Americans Are More Afraid of Robots Than Death
By: Cari Romm, The Atlantic
When the personal computer first became ubiquitous in the 1980s, as Adrienne LaFrance wrote in The Atlantic earlier this year, some people found it so terrifying that the term “computerphobia” was coined.
“In the early days of the telephone, people wondered if the machines might be used to communicate with the dead. Today, it is the smartphone that has people jittery,” she wrote. “Humans often converge around massive technological shifts—around any change, really—with a flurry of anxieties.”
To see those anxieties quantified, take a look at the top five scariest items in the Survey of American Fears, released earlier this week by researchers at Chapman University. Three of them—cyberterrorism, corporate tracking of personal information, and government tracking of personal information—were technology-related.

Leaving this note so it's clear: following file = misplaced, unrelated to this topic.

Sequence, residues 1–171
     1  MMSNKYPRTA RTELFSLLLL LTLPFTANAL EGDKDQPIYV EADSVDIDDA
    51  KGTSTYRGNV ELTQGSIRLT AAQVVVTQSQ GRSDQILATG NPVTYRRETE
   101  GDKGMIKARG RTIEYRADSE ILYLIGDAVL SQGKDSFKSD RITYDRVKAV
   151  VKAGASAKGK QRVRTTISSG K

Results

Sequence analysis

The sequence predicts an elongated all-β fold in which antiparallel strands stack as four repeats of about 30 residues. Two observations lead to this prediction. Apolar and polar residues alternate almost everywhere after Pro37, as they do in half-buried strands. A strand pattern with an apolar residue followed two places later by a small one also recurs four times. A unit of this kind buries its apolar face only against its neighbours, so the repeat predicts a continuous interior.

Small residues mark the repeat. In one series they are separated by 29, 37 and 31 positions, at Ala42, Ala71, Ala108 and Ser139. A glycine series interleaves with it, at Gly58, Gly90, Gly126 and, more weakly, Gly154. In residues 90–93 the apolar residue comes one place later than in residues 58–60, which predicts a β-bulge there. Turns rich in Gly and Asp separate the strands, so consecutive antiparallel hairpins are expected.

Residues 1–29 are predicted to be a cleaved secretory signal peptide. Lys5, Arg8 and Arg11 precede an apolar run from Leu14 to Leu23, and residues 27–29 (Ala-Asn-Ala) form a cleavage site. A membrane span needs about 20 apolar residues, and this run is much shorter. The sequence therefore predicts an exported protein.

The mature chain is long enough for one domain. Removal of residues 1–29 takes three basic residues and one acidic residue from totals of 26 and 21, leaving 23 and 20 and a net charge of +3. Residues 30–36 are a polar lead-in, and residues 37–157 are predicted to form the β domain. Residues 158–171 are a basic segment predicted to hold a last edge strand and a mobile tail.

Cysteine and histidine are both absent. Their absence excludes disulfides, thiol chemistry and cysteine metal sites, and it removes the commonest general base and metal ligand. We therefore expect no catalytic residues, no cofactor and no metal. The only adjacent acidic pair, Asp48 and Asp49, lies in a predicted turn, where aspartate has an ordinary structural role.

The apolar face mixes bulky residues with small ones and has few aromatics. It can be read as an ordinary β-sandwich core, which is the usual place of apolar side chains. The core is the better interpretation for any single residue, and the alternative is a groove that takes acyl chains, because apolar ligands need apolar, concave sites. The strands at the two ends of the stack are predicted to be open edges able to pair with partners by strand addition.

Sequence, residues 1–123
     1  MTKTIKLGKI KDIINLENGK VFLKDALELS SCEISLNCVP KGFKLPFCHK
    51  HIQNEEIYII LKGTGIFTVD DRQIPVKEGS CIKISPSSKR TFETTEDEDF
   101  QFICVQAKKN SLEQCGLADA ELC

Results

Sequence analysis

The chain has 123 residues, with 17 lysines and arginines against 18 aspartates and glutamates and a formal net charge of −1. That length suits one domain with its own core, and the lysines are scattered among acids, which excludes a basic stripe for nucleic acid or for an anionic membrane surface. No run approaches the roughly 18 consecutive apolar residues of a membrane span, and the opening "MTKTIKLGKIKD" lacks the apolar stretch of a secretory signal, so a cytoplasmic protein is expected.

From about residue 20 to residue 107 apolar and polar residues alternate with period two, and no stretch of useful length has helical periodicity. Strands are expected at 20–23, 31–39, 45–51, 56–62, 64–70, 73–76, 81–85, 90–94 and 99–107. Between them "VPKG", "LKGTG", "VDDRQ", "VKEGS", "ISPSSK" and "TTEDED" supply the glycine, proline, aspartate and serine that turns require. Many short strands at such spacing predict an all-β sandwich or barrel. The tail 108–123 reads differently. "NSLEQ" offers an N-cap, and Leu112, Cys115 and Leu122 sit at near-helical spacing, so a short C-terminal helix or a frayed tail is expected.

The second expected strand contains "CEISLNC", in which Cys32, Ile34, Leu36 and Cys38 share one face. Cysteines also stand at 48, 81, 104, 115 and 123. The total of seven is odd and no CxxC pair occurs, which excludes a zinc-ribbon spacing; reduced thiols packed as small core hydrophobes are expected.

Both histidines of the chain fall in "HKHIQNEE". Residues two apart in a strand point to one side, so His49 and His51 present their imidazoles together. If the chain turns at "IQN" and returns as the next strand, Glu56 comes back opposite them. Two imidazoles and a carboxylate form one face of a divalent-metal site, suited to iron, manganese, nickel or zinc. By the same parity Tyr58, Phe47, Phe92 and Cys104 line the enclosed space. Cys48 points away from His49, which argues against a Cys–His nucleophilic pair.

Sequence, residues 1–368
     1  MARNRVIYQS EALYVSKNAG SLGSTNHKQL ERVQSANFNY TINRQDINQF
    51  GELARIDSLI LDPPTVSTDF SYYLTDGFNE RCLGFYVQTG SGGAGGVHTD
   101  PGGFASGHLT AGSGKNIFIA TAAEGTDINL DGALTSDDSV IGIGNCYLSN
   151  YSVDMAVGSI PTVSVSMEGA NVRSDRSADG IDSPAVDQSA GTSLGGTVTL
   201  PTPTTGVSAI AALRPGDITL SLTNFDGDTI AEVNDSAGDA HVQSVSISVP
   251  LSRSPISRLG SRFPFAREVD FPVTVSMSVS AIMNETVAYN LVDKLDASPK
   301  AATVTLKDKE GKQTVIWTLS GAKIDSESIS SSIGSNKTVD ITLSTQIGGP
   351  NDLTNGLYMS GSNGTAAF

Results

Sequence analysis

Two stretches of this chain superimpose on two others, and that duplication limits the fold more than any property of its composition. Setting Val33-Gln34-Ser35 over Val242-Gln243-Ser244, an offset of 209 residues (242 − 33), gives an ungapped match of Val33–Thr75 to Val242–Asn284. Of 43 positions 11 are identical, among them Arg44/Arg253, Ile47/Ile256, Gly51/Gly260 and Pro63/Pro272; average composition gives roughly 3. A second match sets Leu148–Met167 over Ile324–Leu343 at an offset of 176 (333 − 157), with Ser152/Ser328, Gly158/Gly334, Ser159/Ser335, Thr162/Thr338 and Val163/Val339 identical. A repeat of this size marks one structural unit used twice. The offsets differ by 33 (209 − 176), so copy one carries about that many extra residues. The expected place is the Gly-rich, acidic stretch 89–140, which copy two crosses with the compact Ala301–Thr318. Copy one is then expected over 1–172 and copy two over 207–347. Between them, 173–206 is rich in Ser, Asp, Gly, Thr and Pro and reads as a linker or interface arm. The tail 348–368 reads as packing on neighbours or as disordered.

For the survey, a random sample of around 1,500 adults ranked their fears of 88 different items on a scale of one (not afraid) to four (very afraid). The fears were divided into 10 different categories: crime, personal anxieties (like clowns or public speaking), judgment of others, environment, daily life (like romantic rejection or talking to strangers), technology, natural disasters, personal future, man-made disasters, and government—and when the study authors averaged out the fear scores across all the different categories, technology came in second place, right behind natural disasters.
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